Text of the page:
Strutting onto the sparse stage to massive applause, the duo wasted no time getting to work, and halfway through their first song, O'Neill was grinning ear to ear. "Why are you all paying so much attention?" he asked at one point. Ullrich played MC, introducing songs while giving some nice context to their origins. "Prince," from their debut Hilario, was the first song the pair ever recorded, Ullrich informed the crowd, before the pair launched into the old favourite.
Despite the time away from one another, the Inbreds quickly found their groove, proving that O'Neill's melodic bass chops and heartfelt croon haven't aged a day. At one point, Cuff the Duke's Wayne Petti was brought out to help bulk up the sound, revealing how similar his and O'Neill's voices are. And no stone was left unturned, with the Inbreds hitting every period of their too-brief career, including the excellent 1998 swan song Winning Hearts.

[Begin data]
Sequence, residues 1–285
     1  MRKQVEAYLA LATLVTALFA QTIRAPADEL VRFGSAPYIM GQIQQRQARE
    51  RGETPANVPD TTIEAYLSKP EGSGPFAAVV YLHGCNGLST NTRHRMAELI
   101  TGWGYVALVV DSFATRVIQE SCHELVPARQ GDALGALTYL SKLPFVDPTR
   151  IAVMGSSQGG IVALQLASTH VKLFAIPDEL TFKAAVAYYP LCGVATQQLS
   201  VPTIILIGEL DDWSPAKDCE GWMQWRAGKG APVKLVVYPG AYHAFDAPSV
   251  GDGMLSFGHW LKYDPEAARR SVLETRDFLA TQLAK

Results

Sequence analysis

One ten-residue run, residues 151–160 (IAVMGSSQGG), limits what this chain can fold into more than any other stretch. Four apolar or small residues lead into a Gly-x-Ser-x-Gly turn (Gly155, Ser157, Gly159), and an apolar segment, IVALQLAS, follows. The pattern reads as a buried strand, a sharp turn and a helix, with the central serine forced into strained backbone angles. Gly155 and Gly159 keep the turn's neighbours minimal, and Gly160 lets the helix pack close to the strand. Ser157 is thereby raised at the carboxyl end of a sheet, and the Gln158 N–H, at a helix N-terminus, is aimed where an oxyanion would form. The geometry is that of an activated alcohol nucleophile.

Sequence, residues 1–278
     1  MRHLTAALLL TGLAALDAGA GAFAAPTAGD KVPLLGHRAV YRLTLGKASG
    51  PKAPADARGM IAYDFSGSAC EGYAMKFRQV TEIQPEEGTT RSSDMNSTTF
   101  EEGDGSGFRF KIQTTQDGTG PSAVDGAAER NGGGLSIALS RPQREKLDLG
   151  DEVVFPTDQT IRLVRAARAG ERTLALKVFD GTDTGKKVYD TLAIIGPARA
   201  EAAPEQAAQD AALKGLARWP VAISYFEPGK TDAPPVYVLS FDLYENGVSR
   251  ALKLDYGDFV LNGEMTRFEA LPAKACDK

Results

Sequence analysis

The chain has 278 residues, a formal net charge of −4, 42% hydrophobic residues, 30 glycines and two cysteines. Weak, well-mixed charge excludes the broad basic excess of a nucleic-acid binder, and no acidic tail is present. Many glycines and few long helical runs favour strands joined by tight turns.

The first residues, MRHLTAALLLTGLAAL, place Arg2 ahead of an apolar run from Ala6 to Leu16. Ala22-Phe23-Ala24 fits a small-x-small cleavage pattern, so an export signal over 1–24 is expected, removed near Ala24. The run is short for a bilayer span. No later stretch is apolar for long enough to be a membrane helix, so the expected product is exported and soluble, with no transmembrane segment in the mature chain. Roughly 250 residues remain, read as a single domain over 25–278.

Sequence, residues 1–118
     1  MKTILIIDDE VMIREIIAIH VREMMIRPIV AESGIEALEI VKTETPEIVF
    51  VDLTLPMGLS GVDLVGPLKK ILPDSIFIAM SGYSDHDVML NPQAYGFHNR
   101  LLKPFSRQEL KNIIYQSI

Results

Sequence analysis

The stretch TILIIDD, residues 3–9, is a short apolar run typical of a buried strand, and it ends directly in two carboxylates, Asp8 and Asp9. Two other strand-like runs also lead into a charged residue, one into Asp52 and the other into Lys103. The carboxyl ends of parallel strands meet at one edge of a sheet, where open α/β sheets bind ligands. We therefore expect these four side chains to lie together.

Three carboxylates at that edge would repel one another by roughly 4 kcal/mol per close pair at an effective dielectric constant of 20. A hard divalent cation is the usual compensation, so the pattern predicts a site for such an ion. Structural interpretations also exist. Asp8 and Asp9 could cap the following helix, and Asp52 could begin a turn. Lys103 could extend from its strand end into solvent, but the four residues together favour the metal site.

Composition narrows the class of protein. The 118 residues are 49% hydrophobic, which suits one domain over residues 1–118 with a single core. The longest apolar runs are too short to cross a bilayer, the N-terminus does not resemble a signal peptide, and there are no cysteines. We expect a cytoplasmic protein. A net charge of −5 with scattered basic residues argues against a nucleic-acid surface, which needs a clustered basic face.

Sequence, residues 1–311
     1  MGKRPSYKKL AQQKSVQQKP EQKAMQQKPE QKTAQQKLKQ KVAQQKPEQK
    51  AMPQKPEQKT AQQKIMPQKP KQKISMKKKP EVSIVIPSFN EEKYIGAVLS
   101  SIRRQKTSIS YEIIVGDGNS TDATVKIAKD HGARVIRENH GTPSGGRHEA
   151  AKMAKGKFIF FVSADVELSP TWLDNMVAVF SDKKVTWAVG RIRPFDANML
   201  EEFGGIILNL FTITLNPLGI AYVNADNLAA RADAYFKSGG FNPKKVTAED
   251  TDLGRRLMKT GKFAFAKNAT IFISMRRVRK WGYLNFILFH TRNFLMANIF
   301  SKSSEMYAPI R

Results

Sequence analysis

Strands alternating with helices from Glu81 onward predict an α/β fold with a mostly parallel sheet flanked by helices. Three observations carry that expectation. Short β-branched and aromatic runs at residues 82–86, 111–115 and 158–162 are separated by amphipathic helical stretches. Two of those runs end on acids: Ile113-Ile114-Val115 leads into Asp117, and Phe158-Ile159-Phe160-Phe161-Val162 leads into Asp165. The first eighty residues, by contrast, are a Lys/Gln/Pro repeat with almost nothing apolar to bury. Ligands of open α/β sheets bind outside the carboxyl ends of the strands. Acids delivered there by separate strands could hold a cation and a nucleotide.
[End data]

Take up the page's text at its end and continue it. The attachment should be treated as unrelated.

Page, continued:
They finished their set with a massive crowd sing-along to "Any Sense of Time," only to re-emerge with Ullrich clad in a '70s Vegas Elvis getup. He and O'Neill switched places for "The Runaround" then switched back to end the night with "Amelia Earhart." With no big money, tour or new recordings mucking up the proceedings, the Inbreds' set was a great nostalgia trip with no hang-ups. Let's hope they re-emerge from their shell sooner rather than later.